Uxbridge, Ontario

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Uxbridge
Township (lower-tier)
Township of Uxbridge
Uxbridge ON.JPG
Coat of arms of Uxbridge
Coat of arms
Location of Uxbridge within Durham Region.
Location of Uxbridge within Durham Region.
Coordinates: 44°07′N 79°08′W / 44.117°N 79.133°W / 44.117; -79.133Coordinates: 44°07′N 79°08′W / 44.117°N 79.133°W / 44.117; -79.133
Country  Canada
Province  Ontario
Region Durham Region
Established 1850
Government
 • Mayor Gerri Lynn O'Connor
 • Governing body Uxbridge Township Council
Area[1]
 • Land 420.65 km2 (162.41 sq mi)
Elevation 273 m (896 ft)
Population (2011)[1]
 • Total 20,623
 • Density 45.6/km2 (118/sq mi)
Time zone Eastern (EST) (UTC−5)
 • Summer (DST) Eastern (EDT) (UTC−4)
Website www.town.uxbridge.on.ca

Uxbridge is a township in south-central Ontario, Canada, in the Regional Municipality of Durham, in the Greater Toronto Area.

The main centre in the township is the namesake community of Uxbridge. Other communities within the township include Coppins Corners, Goodwood,[2] Leaskdale, Sandford, Siloam, Victoria's Corner, and Zephyr.

History[edit]

It was named for Uxbridge, England, of which the name is derived from "Wixan's Bridge".[3] The Wixan were a 7th-century Saxon tribe from Lincolnshire who also began to settle in what became Middlesex.[4] Anglo-Saxons began to settle and farm in the area of Uxbridge, England in the 5th century, clearing the dense woodland and remaining there for around 500 years.[4] Uxbridge, UK became part of the Elthorne Hundred with other villages in the area. The town later appears in records from 1107 as "Woxbrigge".[5]

The first settlers in the area were Quakers who started arriving in 1806 from the Catawissa area of Pennsylvania. The community's oldest building, the Uxbridge Friends Meeting House, was built in 1820 and overlooks the town from Quaker Hill, a kilometre to the west.

The township was incorporated as a municipality in 1850 and became part of the newly formed Ontario County two years later.

The first passenger carrying narrow gauge railway in North America, the Toronto and Nipissing Railway arrived in Uxbridge in June 1871, and for over a decade Uxbridge was the headquarters of the railway. In 1872, the Village of Uxbridge was separated from the Township and incorporated as a separate entity.

With the creation of the Regional Municipality of Durham in 1974, Uxbridge Township was amalgamated with the Town of Uxbridge and Scott Township to create an expanded Township of Uxbridge.

Uxbridge today[edit]

Today, Uxbridge serves as a mostly suburban community in northern Durham Region. Major manufacturing employers include Pine Valley Packaging (packaging, containers and portable shelters), Koch-Glitsch Canada (mass transfer systems) and Hela Canada (spice and ingredient manufacture). Many residents commute to other centres in Durham and York Regions and beyond.

The 30-bed Uxbridge Cottage Hospital opened in 1958 is a site associated with the Markham Stouffville Hospital Corporation.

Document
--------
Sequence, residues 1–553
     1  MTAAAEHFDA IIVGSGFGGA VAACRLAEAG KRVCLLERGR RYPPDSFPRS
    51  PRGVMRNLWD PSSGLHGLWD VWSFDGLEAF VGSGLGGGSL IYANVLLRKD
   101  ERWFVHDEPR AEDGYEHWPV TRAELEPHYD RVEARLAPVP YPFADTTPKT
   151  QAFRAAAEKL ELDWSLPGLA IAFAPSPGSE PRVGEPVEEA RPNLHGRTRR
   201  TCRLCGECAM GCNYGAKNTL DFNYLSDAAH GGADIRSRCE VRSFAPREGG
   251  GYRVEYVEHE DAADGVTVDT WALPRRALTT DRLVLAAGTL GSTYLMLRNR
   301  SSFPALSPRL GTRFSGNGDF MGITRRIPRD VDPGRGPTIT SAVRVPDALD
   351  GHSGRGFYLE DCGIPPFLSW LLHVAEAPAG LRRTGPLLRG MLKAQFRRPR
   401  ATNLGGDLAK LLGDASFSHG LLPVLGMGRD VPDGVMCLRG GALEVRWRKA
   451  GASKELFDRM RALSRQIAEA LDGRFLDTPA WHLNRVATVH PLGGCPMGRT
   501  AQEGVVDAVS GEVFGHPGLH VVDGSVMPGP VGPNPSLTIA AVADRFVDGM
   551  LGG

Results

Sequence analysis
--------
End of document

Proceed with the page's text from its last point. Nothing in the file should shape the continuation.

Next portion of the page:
Uxbridge is twinned with Catawissa, Pennsylvania in the United States, from which many of its settlers originated.

Uxbridge has two community newspapers, the Standard the Cosmos. The Uxbridge Times Journal is responsible for flyer distribution in the town. Uxbridge is also served by a monthly community magazine and events guide, Uxbridge Town Talk.

Demographics[edit]

Historical populations
Year Pop. ±%
1991 14,092 —    
1996 15,882 +12.7%
2001 17,377 +9.4%
2006 19,169 +10.3%
2011 20,623 +7.6%
Racial makeup
Canada 2006 Census Population  % of Total Population
Visible minority group
Source:[6]
South Asian 110 0.6
Chinese 110 0.6
Black 75 0.4
Filipino 20 0.1
Latin American 35 0.2
Southeast Asian 0 0
Arab 20 0.1
West Asian 0 0
Korean 0 0
Japanese 30 0.2
Mixed visible minority 20 0.1
Other visible minority 20 0.1
Total visible minority population 445 2.3
Aboriginal group
Source:[7]
First Nations 110 0.6
Métis 10 0.1
Inuit 0 0
Total Aboriginal population 120 0.6
White 18,510 97
Total population 19,075 100

According to the 2011 Census, the township has a population of 20,623 over an area of 420.65 km². The population has increased 7.6% since 2006 and has a density of 49.0 people per square kilometre.[8]

The urban centre of Uxbridge has a population of 11,531 as of 2011, up from 10,175 in 2006. This is a growth rate of 13.3%.[9]

Major hurdles must be jumped if the town wishes to continue on this level of growth. Uxbridge's sewage system is reaching its maximum capacity, and with the exception of a couple small developments, the system must be expanded if the town wishes to continue to grow.

English is the mother tongue of 91.7% of the population, whereas French, the other official language, of 1.0%. German is the mother tongue of 1.4% of the residents of Uxbridge, while native speakers of Italian make up exactly 1.0% of the population.[10]

Attractions[edit]

Thomas Foster Memorial

In 2009 Uxbridge Township received federal designation by Industry Canada as The Trail Capital of Canada, resulting from the over 220 kilometers of managed trails on over 8,000 acres (32 km2) of protected greenspace within its borders. Uxbridge trails run through and alongside historic villages, mixed forests, meadows, ponds, streams, and wetlands. A number of major trail systems run through the Township, including the Oak Ridges Trail and the Trans-Canada Trail.